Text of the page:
Give me a break! In what way can one possibly claim to be *Anglican*, with such an (anti-Anglican) BIASED FRAMING of the disputes in question?

Tiber, Bosporus? That-a-way...

Posted by: JCF on Friday, 18 July 2008 at 8:49pm BST

So - Simon K. What provision would you suggest for those 'whose convictions do not enable them to accept that the consecration of women as bishops is authorised by scripture or tradition' (Bishop of London's words) and who face the removal of guarantees given over women priests?

First they cannot accept the sacramental ministry of women priests or bishops, and then it gets further complicated regarding any men a female bishop ordains as well (though the 'softer' Catholics I guess would regard the men as validly ordained if at least a male bishop in the apostolic line is present). Any thoughts?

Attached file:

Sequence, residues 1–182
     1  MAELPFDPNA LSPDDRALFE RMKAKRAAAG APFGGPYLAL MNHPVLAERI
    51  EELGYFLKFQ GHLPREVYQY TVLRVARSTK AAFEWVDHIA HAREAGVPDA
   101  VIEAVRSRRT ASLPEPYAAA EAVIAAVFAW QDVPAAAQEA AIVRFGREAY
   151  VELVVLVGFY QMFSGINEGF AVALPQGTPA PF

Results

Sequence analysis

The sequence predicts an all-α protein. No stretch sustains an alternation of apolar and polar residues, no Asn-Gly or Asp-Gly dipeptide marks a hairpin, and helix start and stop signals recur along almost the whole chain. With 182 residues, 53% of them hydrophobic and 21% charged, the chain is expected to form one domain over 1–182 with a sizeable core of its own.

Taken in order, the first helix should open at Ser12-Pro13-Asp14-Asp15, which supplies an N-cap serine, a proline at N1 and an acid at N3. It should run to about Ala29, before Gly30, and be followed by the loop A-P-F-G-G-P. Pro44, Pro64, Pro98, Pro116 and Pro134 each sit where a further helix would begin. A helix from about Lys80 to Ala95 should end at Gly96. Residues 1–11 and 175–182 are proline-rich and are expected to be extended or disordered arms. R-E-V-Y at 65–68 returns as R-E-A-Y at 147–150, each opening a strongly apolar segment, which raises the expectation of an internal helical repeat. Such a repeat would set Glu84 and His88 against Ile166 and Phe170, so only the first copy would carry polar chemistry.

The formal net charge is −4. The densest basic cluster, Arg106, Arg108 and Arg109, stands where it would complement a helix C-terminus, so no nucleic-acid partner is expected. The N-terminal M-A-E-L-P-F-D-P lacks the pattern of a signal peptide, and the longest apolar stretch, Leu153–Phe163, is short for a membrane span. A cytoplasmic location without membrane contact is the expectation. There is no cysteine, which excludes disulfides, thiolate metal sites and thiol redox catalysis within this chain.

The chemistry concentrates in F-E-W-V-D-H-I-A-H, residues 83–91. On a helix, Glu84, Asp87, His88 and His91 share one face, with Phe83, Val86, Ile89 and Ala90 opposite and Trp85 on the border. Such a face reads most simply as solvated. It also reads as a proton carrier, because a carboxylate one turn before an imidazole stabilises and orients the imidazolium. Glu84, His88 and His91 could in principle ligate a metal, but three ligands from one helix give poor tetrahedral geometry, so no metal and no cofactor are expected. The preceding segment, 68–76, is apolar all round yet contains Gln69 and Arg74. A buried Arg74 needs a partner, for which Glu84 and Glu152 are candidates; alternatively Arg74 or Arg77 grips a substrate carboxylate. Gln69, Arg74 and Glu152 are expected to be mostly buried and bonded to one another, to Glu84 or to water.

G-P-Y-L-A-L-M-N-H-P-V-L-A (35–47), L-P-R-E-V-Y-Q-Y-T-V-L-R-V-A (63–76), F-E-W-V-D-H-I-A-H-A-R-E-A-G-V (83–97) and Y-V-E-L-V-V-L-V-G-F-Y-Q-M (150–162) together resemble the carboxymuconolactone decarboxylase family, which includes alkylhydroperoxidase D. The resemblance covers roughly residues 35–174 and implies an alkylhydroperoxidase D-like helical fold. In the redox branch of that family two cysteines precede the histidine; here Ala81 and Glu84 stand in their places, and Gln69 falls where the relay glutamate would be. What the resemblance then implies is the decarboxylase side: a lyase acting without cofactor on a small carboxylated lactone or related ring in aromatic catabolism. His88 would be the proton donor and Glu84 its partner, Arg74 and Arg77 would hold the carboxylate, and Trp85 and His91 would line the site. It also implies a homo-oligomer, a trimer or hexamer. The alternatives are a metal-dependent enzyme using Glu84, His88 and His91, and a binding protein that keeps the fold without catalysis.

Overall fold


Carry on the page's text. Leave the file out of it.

Posted by: Neil on Friday, 18 July 2008 at 10:03pm BST

"who face the removal of guarantees given over women priests"

What do you think that a code of practice will say? I imagine that a code will allow a PCC to prevent a women from exercising a presbyteral ministry in its parish, to prevent a women suffragan or assistant bishop from exercising an episcopal ministry in the parish, and to request a woman diocesan bishop to make other provision for episcopal ministry to the parish.

So why do you think that in practice things will change for those parishes where the majority of the PCC do not accept the ministry of women priests and bishops?

Posted by: Simon Kershaw on Friday, 18 July 2008 at 11:08pm BST

"The Anglo-Catholics ought then to be allowed then to take their parishes and property with them"

I suspect that "the Anglo-Catholics" (Anti-Anglicans, more precisely) will be no more welcome to dismember and STEAL from the CofE, than are those attempting to do the same to TEC (probably, they'll be a lot LESS welcome, to steal from the Established Church!)

Posted by: JCF on Friday, 18 July 2008 at 11:20pm BST